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Documentary gives activist Dolores Huerta her due

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Thursday, March 1, 2018 8:21 PM
The documentary “Dolores” will be shown at Durango Public Library as part of its Indie Lens Pop-Up series.
Huerta

Dolores Huerta has spent most of her adult life fighting to improve conditions for farm workers in the United States, but she often worked in the shadow of her fellow activist César Chavez.

Filmmaker Peter Bratt says there are a few reasons for this, beyond Huerta being a woman of color.

“I think Dolores pisses a lot of people off, because she speaks truth to power. She doesn’t filter herself, and she speaks her mind,” Bratt said. “In many ways, she challenges the three pillars of this society: She questions the sustainability and viability of capitalism – there is a growing divide between those who have and those who do not. She challenges patriarchy, the authority of men, and she also challenges race, white supremacy, racial injustice. She always has, and I think that’s unsettling to some.”

Huerta and Chavez co-founded the National Farm Workers Association in 1962. The organization, which ultimately became United Farm Workers of America in the 1960s and ’70s, fought for better wages and working conditions for the people it represented.

Huerta has been honored for her work – there are schools named after her, former President Barack Obama her the Presidential Medal of Freedom in 2012, and in 1988, former President Bill Clinton awarded her the Eleanor Roosevelt Human Rights Award. But Bratt has made a film to make the 87-year-old Huerta’s activist work better known and understood.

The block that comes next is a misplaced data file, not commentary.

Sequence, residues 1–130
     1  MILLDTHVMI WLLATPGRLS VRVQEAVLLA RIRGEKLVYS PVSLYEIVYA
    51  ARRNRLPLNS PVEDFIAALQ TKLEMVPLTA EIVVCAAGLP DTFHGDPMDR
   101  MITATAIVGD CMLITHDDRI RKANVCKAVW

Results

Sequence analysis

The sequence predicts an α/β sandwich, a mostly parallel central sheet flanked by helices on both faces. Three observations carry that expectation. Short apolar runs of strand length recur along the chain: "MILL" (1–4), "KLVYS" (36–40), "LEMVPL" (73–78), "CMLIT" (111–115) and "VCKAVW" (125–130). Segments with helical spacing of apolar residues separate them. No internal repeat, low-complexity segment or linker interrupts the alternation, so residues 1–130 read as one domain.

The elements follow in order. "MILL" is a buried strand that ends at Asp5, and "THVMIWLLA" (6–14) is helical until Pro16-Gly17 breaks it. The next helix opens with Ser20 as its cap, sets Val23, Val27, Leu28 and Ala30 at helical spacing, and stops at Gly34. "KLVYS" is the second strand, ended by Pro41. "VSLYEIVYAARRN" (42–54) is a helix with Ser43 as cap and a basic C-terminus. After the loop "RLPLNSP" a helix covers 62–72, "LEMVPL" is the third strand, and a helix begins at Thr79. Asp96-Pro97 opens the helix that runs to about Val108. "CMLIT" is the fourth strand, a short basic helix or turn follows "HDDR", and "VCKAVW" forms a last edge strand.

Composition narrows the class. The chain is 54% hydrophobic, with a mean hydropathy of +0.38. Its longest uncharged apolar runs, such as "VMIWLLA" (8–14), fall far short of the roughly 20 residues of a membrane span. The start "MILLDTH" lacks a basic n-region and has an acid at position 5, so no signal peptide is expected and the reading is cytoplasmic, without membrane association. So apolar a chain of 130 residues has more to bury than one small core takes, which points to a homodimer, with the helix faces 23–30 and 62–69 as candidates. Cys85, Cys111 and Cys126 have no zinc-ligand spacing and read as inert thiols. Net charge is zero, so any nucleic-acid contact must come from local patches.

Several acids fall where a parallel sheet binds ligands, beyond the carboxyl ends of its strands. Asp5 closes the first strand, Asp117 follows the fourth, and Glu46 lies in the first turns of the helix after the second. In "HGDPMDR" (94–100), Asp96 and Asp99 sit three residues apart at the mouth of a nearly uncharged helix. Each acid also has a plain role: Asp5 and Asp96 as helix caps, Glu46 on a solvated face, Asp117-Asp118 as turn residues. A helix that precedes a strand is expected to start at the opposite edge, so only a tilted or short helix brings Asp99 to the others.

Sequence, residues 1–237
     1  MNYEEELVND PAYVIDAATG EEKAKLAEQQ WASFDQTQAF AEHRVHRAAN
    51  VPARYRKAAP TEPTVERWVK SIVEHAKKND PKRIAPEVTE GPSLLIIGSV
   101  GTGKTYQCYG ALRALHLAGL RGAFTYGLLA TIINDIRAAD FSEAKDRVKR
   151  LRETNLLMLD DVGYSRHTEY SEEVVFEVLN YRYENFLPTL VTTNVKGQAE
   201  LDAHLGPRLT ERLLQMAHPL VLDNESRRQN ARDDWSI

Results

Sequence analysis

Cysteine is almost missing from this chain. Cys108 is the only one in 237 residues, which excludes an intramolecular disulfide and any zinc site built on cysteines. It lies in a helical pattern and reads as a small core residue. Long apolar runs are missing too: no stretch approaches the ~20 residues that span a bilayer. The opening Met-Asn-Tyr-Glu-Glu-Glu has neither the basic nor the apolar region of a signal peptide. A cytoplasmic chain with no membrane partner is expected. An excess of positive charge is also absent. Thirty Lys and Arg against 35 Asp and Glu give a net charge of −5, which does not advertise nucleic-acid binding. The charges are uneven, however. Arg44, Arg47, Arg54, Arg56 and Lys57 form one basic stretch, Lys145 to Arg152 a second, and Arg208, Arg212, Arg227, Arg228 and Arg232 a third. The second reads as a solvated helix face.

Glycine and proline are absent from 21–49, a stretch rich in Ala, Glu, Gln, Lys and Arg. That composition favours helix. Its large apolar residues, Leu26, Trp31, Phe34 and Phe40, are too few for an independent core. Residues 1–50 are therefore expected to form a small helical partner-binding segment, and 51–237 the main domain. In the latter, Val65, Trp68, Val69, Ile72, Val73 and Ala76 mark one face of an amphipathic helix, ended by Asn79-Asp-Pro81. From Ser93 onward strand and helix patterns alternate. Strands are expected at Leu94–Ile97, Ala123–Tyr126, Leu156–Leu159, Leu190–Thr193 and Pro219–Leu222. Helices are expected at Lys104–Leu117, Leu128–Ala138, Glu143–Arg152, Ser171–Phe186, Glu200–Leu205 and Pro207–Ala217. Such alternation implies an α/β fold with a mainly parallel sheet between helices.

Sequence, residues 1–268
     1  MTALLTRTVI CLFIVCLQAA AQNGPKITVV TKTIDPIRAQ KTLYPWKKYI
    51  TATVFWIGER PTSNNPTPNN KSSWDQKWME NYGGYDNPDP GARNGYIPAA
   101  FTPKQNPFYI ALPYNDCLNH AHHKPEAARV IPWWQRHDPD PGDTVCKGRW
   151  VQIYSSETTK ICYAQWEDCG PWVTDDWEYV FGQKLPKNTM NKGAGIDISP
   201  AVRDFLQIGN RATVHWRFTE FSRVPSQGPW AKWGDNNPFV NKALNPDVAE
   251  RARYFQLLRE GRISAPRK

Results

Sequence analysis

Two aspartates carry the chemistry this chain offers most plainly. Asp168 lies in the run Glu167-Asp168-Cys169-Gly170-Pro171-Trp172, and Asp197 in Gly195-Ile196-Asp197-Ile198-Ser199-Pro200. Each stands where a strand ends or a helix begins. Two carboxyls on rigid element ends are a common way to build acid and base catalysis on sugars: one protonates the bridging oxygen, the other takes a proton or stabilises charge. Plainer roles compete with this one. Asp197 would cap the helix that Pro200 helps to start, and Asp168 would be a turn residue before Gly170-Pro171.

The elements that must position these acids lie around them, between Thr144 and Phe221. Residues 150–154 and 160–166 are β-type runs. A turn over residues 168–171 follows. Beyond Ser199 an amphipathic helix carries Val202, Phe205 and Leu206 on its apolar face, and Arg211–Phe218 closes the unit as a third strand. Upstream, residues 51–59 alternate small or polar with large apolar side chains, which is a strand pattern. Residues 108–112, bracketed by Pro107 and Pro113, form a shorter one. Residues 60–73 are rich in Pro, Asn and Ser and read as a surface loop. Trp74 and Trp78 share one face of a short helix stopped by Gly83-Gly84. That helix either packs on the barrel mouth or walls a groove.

He said musician Carlos Santana was the one to make sure the documentary was made.

“(Santana said) ‘We need to make this movie now while she’s still with us,’” Bratt said. “Carlos calls Dolores ‘My Queen of Life’ and has always stood by her and the Farm Workers Movement dating back to ’69. He really started the process, and it was his idea.”

Bratt spent five years making the documentary.

He said originally, even he didn’t fully understand the role she played in the creation of the Farm Worker Movement, an organization that is associated primarily with Chavez, even though the two worked alongside each other from the beginning.

Before she started working with Chavez, Huerta co-founded the Agricultural Workers Association in 1960.

Along with her advocacy for farm workers, Huerta also was a leader of the Chicano civil rights movement, and she led a nationwide boycott on grapes that resulted in the first farmworkers contract.

She is also known for the coming up with the slogan “Sí Se Puede” (“Yes, we can”), the motto of the United Farm Workers.

Now, as founder of the Dolores Huerta Foundation, she remains a political activist, working to influence social justice legislation and public policy.

Her legacy as one of the most important labor activists of the last century is one that shouldn’t be overlooked, Bratt said.

“Dolores is important. She’s an American original,” Bratt said. “Her work has been used as a template by so many other social movements and communities since that time. There are tons of little bits of legislation that were passed and changed because of Dolores’ singular work.”

katie@durangoherald.com

If you go

What: “Dolores,” by Peter Bratt, part of Durango Public Library’s 2018 Indie Lens Pop-Up Screening Series


When: 6 p.m. Thursday


Where: Durango Public Library, 1900 East Third Ave.


More information: Visit http://bit.ly/2FDmqSb or call 375-3380.

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